When arcade game manufacturers produced cabinets in the '80s, they made them to be placed in all sorts of arcades, malls and other areas of young-skewing entertainment. Fast forward to 2015, and while arcades aren't as prevalent — or as popular — as they once were, they're still hanging around. And within these locations, new business models are developing. Many traditional arcades are changing their ways, moving away from the coin-based business model that has long been part of the arcade ecosystem. Meanwhile, combination arcade bars are springing up across the country, bringing their own methods of monetizing games with them, along with other changes to pull the machines in line with more adult — and modern — usage.
Part 4 of an interview with noted video game developer M2, upon the completion of Outrun 3D, the latest on a series of 'SEGA 3D Classics', in which games from the golden era of arcades are meticulously ported to the Nintendo 3DS (!!) handheld system using a variety of interesting, fairly obsessive techniques. [more inside]
Revisit the glory days of coin-op goodness with the Flickr pool Growing Up In Arcades: 1979-1989. (A nice companion to Horace Rumpole's previous post from last year.)
Thirty-five years ago today, Taito unveiled Space Invaders, one of the most groundbreaking video games of all time. [more inside]
But the golden age was destined to be a very short one. Walter Day told writer Tristan Donovan, author of the book Replay: The History of Video Games, that the industry was "off the rails by" 1981, opening more arcades and ordering more machines than its players could ever support. By early 1982, cracks were already starting to show in the newly flourishing industry: that $400 a day machine, Time Magazine reported, was often "sucker bait, dangled to obscure the dreary truths that markets are becoming saturated and that dud games... bring in no money at all."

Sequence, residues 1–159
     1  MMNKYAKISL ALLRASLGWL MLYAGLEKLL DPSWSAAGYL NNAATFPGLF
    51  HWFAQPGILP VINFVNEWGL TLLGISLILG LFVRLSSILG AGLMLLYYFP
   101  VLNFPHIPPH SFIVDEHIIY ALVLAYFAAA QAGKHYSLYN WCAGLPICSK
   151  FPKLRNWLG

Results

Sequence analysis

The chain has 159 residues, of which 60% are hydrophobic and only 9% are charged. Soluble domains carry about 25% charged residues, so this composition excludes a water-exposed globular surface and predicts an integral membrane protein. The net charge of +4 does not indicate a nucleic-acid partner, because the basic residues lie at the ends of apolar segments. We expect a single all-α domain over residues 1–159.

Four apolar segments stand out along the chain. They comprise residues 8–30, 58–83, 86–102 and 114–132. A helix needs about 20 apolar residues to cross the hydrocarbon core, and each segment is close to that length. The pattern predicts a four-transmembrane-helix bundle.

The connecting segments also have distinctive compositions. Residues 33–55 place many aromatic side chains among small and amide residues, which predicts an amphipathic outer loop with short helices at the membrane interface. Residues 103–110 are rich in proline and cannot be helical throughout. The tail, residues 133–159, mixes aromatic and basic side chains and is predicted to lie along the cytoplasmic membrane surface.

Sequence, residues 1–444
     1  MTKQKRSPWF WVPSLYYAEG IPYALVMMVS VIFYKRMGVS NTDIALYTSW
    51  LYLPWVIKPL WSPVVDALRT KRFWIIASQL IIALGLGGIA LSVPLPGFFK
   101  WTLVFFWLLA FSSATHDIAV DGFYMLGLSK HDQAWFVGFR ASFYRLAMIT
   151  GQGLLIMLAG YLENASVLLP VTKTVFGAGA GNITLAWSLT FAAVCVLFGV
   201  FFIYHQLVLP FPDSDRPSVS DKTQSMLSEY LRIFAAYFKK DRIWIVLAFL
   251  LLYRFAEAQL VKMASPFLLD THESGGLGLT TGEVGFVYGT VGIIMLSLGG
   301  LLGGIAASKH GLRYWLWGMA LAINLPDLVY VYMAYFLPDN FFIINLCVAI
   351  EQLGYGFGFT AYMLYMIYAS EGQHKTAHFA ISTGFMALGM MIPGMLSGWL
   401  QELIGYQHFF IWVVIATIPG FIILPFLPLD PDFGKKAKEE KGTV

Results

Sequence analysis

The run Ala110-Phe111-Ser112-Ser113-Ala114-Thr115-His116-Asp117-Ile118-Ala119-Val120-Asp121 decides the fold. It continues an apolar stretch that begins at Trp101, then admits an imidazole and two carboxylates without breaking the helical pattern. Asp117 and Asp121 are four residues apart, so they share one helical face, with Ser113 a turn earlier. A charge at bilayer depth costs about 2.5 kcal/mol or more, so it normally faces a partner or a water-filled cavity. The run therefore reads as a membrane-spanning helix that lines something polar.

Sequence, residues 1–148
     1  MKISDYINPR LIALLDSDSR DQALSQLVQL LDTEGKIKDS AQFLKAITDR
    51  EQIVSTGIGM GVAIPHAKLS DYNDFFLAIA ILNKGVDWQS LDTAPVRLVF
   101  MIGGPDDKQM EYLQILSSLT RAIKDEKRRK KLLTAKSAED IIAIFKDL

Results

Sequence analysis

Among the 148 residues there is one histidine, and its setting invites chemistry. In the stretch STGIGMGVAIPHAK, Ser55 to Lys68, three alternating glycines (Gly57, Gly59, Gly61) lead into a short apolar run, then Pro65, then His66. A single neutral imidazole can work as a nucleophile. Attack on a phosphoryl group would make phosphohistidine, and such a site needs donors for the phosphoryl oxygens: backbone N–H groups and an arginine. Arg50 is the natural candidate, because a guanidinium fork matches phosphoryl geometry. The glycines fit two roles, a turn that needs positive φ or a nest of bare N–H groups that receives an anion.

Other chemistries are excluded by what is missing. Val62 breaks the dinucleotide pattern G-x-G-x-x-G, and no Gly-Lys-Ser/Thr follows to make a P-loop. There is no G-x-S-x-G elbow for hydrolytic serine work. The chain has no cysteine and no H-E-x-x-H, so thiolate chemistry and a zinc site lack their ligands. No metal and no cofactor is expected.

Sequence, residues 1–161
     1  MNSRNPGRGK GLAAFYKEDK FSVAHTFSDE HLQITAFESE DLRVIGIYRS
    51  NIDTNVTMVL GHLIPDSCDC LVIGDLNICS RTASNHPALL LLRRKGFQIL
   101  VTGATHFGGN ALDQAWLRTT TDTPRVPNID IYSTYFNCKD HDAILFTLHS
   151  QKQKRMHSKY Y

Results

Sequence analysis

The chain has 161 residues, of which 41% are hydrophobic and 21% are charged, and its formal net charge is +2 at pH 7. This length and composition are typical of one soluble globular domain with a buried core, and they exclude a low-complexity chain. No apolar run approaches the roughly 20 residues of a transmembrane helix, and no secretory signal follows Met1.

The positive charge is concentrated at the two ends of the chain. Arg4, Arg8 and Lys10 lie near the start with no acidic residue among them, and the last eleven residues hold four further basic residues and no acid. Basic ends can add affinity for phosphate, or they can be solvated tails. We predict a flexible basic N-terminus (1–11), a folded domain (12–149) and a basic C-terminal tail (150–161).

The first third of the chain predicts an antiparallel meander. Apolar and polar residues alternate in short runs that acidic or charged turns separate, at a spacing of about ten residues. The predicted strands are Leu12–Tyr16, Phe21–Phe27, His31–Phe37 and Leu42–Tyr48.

What is perhaps the best license ever applied to a pinball machine? Probably Star Trek: The Next Generation, which is surprisingly like playing an episode. Williams also released a special ROM of funny quotes from cast members that people can install into their machines. [more inside]
Let's Go to the Morgue! features images dug up from the San Francisco Chronicle's basement photo archives. Peter Hartlaub got distracted from his parenting blog to find and caption vintage photos of Golden Gate BART and Other Failed Rapid Transit Dreams, Sexy time! Five decades of Bay Area bathing suits, Tourist season in San Francisco, Six decades of roller derby in the Bay Area, When arcades ruled the Bay Area and A journey back to your high school prom. [more inside]
"He was twitching and his eyes were not quite shut ... I thought he was dead." With the rise in home-computers during the mid-nineties came the fall of game arcades and their unhealthy drifter culture. The family-oriented nVidia and ATI companies provided home-entertainment and the final nail in the coffin for the infamous arcade. That was until late 1998, and DDR. Dance Dance Revolution swept the nation and kids exchanged "moves" like bubblegum. It was a juggernaut. It was out of control. DDR claimed victim after victim, with no signs of stopping...
The Internet Pinball Database has shots of backglasses, playing tables, and promotional flyers for just about every pinball machine ever created. I loved pinball. Now, it seems impossible to find a machine to play on. Back when I worked at a local pizza shop, we had a rotation of some great machines. I really enjoyed the Addams Family, Star Wars, Lethal Weapon 3 (which i remember as being really easy), and especially the Twilight Zone game, with the special white power ball. A walk down memory lane that served me well. Find a place near you to play some pinball here. Or, you could just go pro.